13 Moses said to God: Lo, I shall go to the children of Israel, and say to them: The God of your fathers hath sent me to you. If they should say to me: What is his name? what shall I say to them?

Ver. 13.  His name.  Many of them had embraced idolatry, and had forgotten God.  Moses very properly begs to have his extraordinary mission sanctioned by miracles, without which he might well have been rejected, as heretics are.  H.


14 God said to Moses: I AM WHO AM. He said: Thus shalt thou say to the children of Israel: HE WHO IS, hath sent me to you.

Ver. 14.  I am who am.  That is, I am being itself, eternal, self-existent, independent, infinite; without beginning, end, or change; and the source of all other beings.  Ch.

 

--- Heb. agrees with the Vulg. though it seems to read aeje, "I shall be," &c.  A. Lapide, &c.

 

--- No name can fully explain the divine perfections.  As God is alone, he stands in need of no distinctive appellation, as Lactantius, and even the pagans have confessed.  Orig. c. Cels. vi.  C.

 

--- All other beings are just nothing, compared with God.  He alone is self-existent and infinitely perfect.  W.



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15 And God said again to Moses: Thus shalt thou say to the children of Israel: The Lord God of your fathers, the God of Abraham, the God of Isaac, and the God of Jacob, hath sent me to you: This is my name for ever, and this is my memorial unto all generations.

Ver. 15.  Memorial.  By this title he is still known among Christians.  M.

 

--- Hitherto God had generally been called Elohim.  But now he assumes the incommunicable name (T.) consisting of four vowels, Jod, He, Vau, He, Jehovah, the essence, or OWN, a word which the Greek Scriptures leave undeclined, to denote the unchangeable nature of the Deity.  The word has been pronounced Jehovah by the moderns, and by the ancients Jevo, Jao, Jave, &c.  H.


16 Go, gather together the ancients of Israel, and thou shalt say to them: The Lord God of your fathers, the God of Abraham, the God of Isaac, and the God of Jacob, hath appeared to me, saying: Visiting I have visited you: and I have seen all that hath befallen you in Egypt.

Ver. 16.  Ancients.  Perhaps there might be 72 magistrates already among the Hebrews, as there were afterwards in the desert (Grotius); or more probably they were only the chiefs of families, and leading men among their brethren, though without any public authority derived from the king of Egypt.

 

--- Visiting.  So Joseph had foretold, Gen. l. 23.  God examines before he punishes, Gen. xviii. 21.  C.




17 And I have said the word to bring you forth out of the affliction of Egypt, into the land of the Chanaanite, the Hethite, and the Amorrhite, and Pherezite, and Hevite, and Jebusite, to a land that floweth with milk and honey.


18 And they shall hear thy voice: and thou shalt go in, thou and the ancients of Israel, to the king of Egypt, and thou shalt say to him: The Lord God of the Hebrews hath called us: we will go three days' journey into the wilderness, to sacrifice unto the Lord our God.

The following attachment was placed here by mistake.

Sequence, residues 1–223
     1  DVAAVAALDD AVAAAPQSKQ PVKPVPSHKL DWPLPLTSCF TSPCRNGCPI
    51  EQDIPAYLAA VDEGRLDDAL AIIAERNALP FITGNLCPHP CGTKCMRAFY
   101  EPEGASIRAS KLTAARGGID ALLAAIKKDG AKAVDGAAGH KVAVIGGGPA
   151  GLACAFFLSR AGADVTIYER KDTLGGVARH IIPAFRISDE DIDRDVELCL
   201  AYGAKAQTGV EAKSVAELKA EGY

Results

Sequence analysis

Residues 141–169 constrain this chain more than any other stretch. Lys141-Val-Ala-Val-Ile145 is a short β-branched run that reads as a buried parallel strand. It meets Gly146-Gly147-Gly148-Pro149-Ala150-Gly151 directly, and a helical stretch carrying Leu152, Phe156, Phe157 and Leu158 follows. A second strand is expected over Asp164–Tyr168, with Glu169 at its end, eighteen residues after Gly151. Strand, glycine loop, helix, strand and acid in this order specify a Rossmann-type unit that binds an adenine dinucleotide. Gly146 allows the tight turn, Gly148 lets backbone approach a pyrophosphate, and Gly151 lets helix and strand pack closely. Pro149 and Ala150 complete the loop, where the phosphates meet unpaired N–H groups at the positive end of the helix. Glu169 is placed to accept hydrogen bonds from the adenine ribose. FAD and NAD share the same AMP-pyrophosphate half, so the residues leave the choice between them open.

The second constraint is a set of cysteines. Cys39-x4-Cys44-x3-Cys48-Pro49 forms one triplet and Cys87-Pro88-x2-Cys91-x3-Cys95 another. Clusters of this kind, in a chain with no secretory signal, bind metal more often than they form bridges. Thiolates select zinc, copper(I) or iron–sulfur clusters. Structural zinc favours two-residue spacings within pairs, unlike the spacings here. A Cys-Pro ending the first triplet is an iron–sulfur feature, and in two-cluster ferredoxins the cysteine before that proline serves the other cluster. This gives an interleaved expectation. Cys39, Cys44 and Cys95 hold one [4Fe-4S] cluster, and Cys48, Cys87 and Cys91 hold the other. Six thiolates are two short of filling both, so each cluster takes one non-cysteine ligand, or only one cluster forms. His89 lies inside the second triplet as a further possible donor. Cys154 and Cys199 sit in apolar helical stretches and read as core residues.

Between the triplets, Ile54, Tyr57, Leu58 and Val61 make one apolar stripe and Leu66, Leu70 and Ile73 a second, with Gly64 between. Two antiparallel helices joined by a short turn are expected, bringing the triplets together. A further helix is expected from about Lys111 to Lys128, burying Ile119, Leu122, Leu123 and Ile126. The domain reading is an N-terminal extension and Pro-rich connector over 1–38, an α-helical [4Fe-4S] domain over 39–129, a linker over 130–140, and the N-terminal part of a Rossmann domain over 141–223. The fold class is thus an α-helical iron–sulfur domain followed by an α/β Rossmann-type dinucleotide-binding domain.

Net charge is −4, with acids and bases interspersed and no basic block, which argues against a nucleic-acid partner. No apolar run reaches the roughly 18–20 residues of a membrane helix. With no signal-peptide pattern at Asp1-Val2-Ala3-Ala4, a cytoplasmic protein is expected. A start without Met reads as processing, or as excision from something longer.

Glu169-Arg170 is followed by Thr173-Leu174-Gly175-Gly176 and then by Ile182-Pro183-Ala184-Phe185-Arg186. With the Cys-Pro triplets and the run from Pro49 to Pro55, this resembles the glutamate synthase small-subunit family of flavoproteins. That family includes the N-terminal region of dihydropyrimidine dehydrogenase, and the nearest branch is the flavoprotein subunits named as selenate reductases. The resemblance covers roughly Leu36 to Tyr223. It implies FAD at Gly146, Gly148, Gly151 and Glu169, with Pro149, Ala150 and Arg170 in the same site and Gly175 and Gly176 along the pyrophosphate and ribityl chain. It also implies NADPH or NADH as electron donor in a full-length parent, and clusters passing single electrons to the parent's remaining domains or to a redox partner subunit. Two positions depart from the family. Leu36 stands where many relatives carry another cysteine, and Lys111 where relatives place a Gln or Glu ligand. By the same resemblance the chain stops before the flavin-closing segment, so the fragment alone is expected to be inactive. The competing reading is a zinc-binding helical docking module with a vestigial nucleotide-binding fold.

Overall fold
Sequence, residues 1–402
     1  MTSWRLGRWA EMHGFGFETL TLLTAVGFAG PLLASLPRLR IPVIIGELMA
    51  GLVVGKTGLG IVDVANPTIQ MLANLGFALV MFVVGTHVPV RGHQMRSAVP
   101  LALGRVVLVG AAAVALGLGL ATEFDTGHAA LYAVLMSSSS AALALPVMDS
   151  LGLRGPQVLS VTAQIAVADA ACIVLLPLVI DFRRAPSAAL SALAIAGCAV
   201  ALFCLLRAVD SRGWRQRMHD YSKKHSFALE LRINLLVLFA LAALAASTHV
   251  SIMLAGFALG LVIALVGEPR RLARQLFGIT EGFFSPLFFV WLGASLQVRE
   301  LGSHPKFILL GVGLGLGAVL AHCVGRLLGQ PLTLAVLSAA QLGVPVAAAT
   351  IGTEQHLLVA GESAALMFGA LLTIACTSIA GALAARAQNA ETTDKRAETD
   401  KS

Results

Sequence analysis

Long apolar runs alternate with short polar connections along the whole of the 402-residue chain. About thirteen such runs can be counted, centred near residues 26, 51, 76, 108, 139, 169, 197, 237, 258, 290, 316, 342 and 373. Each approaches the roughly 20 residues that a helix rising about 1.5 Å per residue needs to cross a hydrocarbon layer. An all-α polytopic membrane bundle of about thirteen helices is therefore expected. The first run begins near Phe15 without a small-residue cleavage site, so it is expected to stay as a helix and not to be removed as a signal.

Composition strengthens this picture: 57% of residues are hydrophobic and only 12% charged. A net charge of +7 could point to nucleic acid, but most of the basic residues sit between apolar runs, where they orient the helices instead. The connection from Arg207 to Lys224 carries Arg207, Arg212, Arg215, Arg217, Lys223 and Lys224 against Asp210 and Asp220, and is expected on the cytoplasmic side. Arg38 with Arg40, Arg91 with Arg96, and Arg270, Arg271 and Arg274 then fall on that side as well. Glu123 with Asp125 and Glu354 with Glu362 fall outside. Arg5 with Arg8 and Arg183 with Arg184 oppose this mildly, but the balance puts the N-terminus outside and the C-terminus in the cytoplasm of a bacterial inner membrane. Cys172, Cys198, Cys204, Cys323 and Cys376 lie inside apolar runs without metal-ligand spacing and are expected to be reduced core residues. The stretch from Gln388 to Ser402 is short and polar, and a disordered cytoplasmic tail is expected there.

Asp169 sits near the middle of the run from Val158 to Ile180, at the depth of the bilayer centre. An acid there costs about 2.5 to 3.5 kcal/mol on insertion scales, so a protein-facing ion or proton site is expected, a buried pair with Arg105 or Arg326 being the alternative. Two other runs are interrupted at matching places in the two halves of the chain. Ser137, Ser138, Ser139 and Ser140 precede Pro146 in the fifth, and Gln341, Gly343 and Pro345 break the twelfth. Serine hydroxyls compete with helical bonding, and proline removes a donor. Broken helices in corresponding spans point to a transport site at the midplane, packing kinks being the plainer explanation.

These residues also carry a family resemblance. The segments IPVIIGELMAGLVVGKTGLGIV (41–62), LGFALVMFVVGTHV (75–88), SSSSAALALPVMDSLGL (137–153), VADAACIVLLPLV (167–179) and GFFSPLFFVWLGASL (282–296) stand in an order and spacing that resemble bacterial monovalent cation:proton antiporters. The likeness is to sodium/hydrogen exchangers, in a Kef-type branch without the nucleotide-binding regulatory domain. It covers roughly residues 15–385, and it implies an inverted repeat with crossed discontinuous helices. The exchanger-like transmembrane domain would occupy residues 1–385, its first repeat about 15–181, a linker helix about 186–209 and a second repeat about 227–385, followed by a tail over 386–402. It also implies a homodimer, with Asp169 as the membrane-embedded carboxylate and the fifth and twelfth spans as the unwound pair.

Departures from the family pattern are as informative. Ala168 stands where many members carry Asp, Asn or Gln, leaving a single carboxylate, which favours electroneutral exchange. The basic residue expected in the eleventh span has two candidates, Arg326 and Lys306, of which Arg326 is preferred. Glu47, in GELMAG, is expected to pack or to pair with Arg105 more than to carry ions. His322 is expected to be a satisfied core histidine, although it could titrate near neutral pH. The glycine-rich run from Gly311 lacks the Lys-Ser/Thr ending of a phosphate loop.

Ver. 18.  Called.  Sam. and Sept. "hath been invoked upon us."  Heb. "hath occurred, or appeared to us."  H.

 

--- Journey, to Sinai, which was about this distance, to go straight.  But the Israelites spent 48 days in arriving at it by a circuitous road.  C.

 

--- In Heb. they ask, "Let us go, we beseech thee."  They do not tell a lie, but withhold the truth.  M.



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19 But I know that the king of Egypt will not let you go, but by a mighty hand.


20 For I will stretch forth my hand and will strike Egypt with all my wonders which I will do in the midst of them: after these he will let you go.


21 And I will give favour to this people, in the sight of the Egyptians: and when you go forth, you shall not depart empty:

Ver. 21.  Egyptians, among whom the Hebrews were forced to live, not being now allowed to enjoy the fertile country of Gessen alone, according to Joseph's disposition.  The subsequent kings altered that wise regulation.  H.



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22 But every woman shall ask of her neighbour, and of her that is in her house, vessels of silver and of gold, and raiment: and you shall put them on your sons and daughters, and shall spoil Egypt.

Ver. 22.  Shall spoil, &c.  That is, you shall strip, and take away the goods of the Egyptians.  This was not authorizing theft or injustice: but was a just disposal made by him, who is the great Lord and Master of all things; in order to pay the children of Israel some part of what was due to them from the Egyptians for their labours. Ch.

 

--- Wisdom (x. 17) rendered to the just the wages of their labours; and (v. 19,) the just took the spoils of the wicked, in a just war.  It is an ancient tradition of the Jews, that the Egyptians appealed to Alexander the Great for the recovery of these spoils; but when the Jews demanded their wages, they were willing to desist from their claims.  Selden, de Ture vii. 8.  Tert. c. Marcion ii. 20.  C.

 

--- God had a mind to punish the extravagance of the Egyptians, while he enabled his people to appear with suitable presents before him.  It was on this last plea that the Hebrews borrowed precious garments, gold, &c.  H.  See Clem. strom. 1.  S. Aug. q. 23.